Dr. Lo Monaco also did several recital with Alberta Masiello. Alberta Masiello (c.1916-1990) was born in Milan, Italy, to a family of renowned opera singers. Her grandfather, Giuseppe La Puma, began singing at an early age, and worked with many famous opera singers and conductors (e.g. Caruso, and Toscanini). He had a repertoire of about 100 roles for the baritone voice. In addition to singing, he founded the Mascagni Center of Culture, where he taught piano and voice with his daughter (and Masiello’s mother), Giuseppina La Puma. She inherited her father’s gift for singing, and after his death in 1940, continued to prepare students for traditional Grand Opera performances.
Masiello was considered a child prodigy on piano, and earned a degree from the Royal Conservatory of Music in Milan in 1932. Although she intended to follow in her mother’s footsteps as a singer in America, she first attended Juilliard for several years. She also taught there as an assistant instructor and accompanist, working with Paul Althouse and Mme. Anna Schoen-Rene, while doing private vocal coaching at home. During World War II she found some success in New York City as a folk singer, adopting a Spanish persona named “Yola.” Her singing career continued after the war with major mezzo-soprano roles at the New York City Opera, Fort Worth Opera, and Wagner Opera Company. But within a few years she turned to the coaching and accompaniment side of opera, and worked for the Dallas Civic Opera and Chicago Opera (where she established a professional relationship with Maria Callas). Of note upon Masiello's deah a folder with three letters from Maria Callas, written in Italian was found. She then began a long tenure (over 20 years) at the Metropolitan Opera House, and earned the title of Assistant Conductor. However, she remained a vocal coach, and did not conduct any operas for the Met. She continued to give private lessons, and taught master classes at the Mannes College of Music and Juilliard. But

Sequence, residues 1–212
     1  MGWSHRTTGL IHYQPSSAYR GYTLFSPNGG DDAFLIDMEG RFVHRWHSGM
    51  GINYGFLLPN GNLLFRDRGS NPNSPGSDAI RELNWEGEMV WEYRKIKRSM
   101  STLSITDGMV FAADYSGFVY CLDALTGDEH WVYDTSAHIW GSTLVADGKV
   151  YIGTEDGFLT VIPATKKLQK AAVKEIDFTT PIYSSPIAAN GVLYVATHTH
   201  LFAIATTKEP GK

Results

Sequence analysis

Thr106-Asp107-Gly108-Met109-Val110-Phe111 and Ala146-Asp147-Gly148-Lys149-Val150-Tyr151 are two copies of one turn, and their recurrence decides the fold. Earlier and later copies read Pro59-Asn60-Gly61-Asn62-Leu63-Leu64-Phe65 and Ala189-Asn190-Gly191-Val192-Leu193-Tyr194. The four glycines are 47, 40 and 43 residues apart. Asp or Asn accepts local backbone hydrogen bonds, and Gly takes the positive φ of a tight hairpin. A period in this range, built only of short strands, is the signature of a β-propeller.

opera audiences perhaps best knew Alberta Masiello as a guest panelist on the Texaco Opera Quiz, a radio program that ran during intermission of Metropolitan Opera radio broadcasts.
Dr. Lo Monaco unfortunately had health issues which halted his own singing career. He then decided to dedicate himself to teaching voice. He made important discoveries about the singing voice that had never been documented before. One of the most important discoveries was about the Valsavla maneuver and singing. This lead to major insights on the importance of the breathing coordination required in singing and as well as vocal registration, “covering”, the use of the tongue in singing, the vibrato and the psychological aspect of singing. Never before had these things been covered in such a way. Dr. Lo Monaco embarked on writing a book on vocal technique that has not been finished as of yet. Jerry Hadley was to write the forward to the book, but unfortunately met a tragic end. Dr. Lo Monaco's book is still being worked on and will be available in the future.
Dr. Lo Monaco died on January 21. 2012, he was 90.